Beauty LaunchPad - March 2013 - (Page 50)
Karlie Kloss received
“haircut of the
making the chop.
The image that
launched a thousand
Obama’s new ’do.
The Brains Behind the Bangs
Beauty Launchpad talks to Michelle Obama’s hairdresser, Johnny Wright,
to get the dish on what it means to be the First Stylist.
We’re not even halfway through 2013, but we’re
already certain that it’s the year of the bang.
f course, bangs aren’t exactly a new trend. It was only
last year that we were oohing and aahing over Zooey
Deschanel’s full bangs and having a ﬁeld day with the
“Rooney Mara Effect” (read: microfringe). But when superstylist
Garren lopped seven inches off of model Karlie Kloss’ locks
in mid-January, the New York Times instantly hailed the faceframing style as the “haircut of the year.” Sure, it may have
seemed a little premature, but they were spot on. Not a week
later, Michelle Obama delighted the blogosphere with her snappy
new ’do, courtesy of her longtime stylist, Johnny Wright. We can't
wait to see who's next to the chopping block!
Brow-Defining Moments in History
LOUISE BROOKS, 1929
AUDREY HEPBURN, 1950
50 | BEAUTY LAUNCHPAD | MARCH 2013
BETTIE PAGE, 1952
How did you get involved with SoftSheen-Carson? What is your
role with the company?
I was introduced to SoftSheen-Carson about 10 years ago,
by a good friend who introduced me to Jacqueline Tarrant.
At that time, Jacqueline was the Artistic Style Director for
SoftSheen-Carson. I was brought on to be a member of the SoftSheen-Carson style
squad. Now, 10 years later, I am the Artistic Style Director for SoftSheen-Carson,
assisting with developing new products and as a spokesperson for the brand.
How does one become a stylist to the First Lady?
When the First Lady was still a senator’s wife in Chicago, my agency was contacted
by Essence magazine, requesting a stylist for the photo shoot. That stylist was me!
We hit it off instantly. When the presidential campaign started, I had moved to Los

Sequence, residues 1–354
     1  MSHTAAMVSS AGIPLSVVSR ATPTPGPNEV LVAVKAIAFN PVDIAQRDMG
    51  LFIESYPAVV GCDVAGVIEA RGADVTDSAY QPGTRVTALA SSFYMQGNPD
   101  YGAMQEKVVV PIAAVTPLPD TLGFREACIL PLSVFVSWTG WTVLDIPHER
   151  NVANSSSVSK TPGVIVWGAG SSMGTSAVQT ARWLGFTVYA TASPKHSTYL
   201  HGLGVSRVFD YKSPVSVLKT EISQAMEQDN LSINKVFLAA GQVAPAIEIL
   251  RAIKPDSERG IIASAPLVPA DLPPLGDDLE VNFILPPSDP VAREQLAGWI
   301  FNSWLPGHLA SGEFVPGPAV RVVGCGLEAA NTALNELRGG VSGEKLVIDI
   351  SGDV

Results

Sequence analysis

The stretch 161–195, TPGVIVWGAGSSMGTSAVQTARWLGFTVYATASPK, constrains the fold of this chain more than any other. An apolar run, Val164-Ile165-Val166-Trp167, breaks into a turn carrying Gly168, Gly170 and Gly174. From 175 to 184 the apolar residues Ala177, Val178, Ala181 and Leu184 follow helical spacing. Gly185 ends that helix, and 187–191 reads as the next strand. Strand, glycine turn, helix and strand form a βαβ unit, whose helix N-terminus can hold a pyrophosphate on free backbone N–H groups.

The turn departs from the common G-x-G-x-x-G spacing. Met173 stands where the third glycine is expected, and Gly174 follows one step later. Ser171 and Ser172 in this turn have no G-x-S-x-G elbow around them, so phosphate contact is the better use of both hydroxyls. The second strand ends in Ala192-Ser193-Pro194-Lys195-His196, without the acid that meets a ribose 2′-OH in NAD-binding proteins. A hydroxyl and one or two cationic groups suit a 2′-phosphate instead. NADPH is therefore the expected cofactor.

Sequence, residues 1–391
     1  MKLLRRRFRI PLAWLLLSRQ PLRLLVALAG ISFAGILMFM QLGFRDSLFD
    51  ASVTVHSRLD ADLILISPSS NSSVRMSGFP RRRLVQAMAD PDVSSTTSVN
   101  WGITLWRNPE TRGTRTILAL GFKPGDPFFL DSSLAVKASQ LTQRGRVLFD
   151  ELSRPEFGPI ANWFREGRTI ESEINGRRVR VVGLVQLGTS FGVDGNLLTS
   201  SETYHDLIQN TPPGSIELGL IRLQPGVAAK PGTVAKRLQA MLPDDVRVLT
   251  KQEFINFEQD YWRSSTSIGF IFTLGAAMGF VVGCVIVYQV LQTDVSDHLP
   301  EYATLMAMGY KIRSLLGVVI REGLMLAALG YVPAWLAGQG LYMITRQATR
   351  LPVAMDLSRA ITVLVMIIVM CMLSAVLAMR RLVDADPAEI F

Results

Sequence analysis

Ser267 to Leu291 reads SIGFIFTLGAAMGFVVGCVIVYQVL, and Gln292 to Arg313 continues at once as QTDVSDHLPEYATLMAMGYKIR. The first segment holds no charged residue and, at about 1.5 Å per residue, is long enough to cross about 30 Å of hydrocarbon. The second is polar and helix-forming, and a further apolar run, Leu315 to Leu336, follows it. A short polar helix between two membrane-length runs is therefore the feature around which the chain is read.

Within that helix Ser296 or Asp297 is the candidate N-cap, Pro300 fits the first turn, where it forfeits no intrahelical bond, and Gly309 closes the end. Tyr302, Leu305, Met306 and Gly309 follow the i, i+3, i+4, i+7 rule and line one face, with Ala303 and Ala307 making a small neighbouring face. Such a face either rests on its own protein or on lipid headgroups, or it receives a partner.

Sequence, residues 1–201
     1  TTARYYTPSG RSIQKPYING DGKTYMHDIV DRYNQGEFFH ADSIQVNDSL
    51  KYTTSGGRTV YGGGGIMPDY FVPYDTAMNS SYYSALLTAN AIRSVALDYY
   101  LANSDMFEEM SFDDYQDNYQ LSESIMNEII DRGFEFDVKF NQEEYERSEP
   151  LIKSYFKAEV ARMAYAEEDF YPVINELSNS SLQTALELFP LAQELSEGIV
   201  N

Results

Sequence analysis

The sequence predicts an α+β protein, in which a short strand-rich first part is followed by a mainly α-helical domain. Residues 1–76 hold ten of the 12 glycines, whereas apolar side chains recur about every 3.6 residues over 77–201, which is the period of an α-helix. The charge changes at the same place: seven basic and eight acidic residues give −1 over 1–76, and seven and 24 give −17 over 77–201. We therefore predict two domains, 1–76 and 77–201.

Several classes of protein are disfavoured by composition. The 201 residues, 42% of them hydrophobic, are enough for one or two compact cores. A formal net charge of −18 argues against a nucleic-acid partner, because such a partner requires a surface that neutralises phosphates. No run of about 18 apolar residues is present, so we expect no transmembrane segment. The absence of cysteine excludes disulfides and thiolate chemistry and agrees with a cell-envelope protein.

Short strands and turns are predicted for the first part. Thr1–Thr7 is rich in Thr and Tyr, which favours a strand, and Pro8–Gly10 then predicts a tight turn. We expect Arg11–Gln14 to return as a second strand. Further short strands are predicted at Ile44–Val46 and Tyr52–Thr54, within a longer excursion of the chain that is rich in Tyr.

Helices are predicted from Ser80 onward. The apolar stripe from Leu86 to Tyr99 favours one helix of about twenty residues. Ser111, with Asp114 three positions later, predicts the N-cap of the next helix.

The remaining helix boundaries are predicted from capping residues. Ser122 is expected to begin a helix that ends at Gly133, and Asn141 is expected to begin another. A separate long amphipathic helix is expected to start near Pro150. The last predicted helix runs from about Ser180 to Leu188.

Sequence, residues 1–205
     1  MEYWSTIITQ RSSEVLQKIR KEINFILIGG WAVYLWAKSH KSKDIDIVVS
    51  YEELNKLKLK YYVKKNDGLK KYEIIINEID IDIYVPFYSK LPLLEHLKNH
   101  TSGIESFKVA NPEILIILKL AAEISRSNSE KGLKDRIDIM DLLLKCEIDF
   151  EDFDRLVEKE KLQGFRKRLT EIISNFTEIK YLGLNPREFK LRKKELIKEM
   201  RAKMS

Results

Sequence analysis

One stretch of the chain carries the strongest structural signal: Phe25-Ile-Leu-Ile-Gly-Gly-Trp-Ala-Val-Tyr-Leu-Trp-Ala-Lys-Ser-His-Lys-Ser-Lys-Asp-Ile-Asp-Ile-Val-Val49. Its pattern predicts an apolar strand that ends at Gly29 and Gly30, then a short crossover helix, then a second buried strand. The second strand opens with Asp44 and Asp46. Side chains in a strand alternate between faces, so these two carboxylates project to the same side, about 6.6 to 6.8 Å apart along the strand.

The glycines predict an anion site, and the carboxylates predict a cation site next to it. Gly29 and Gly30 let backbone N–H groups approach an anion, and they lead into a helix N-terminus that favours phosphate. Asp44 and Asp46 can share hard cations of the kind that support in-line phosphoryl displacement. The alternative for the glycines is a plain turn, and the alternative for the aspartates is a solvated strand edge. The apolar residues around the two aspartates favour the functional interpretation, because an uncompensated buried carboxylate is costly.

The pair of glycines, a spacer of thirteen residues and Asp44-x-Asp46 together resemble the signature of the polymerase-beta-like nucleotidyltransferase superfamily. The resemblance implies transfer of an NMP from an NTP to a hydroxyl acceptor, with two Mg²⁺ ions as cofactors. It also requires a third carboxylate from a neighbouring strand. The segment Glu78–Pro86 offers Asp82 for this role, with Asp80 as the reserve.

Angeles, and I was often called by her staff when she was making appearances in the
area. Then I was called to style her for the week leading up to the Democratic National
Convention. Three weeks after the election, her staff requested me for a Vogue spread.
I ﬂew to Washington, and while we were working, she looked at me and asked me if I
would be interested in moving to D.C. The rest is history!
How did you feel about the media blitz surrounding the First Lady’s recent
transformation? Do you feel any pressure knowing that the world will be scrutinizing
every strand on her head?
I’m pretty mum when it comes to the First Lady, but I’m always amazed by the buzz
she creates. Yet I feel no pressure. It’s like with all my clients—I go in with the mind
frame of creating a look that works best for them and the occasion, and I don’t worry
about what others might think.
MIA FARROW, 1967
DEBBIE GIBSON, 1988
KARLIE: STEPHEN LOVEKIN/GETTY IMAGES; MICHELLE: LAWRENCE JACKSON/THE WHITE HOUSE VIA GETTY IMAGES; LOUISE: JOHN KOBAL FOUNDATION/
GETTY IMAGES; AUDREY: HULTON ARCHIVE/GETTY IMAGES; BETTIE: MICHAEL OCHS ARCHIVES/GETTY IMAGES; MIA: TERRY O'NEILL/GETTY IMAGES;
DEBBIE: KEVIN WINTER/DMI/TIME LIFE PICTURES/GETTY IMAGES; REESE: FRAZER HARRISON/GETTY IMAGES
What inspired you to become a hairdresser and how did you get
your start in the industry?
My grandmother did hair. She started doing hair at 13 and
didn’t stop until she was 91 years old. She deﬁnitely was my
inspiration. I started off by doing my mother’s hair and her
church friends’ hair when I was 12 years old. By the time I was
in high school, I had my own clients and a little salon set up in
Table of Contents for the Digital Edition of Beauty LaunchPad - March 2013
Beauty LaunchPad - March 2013
On The Cover
Salon of the Month
Head of the Class
La Vie en Rose
Beauty LaunchPad - March 2013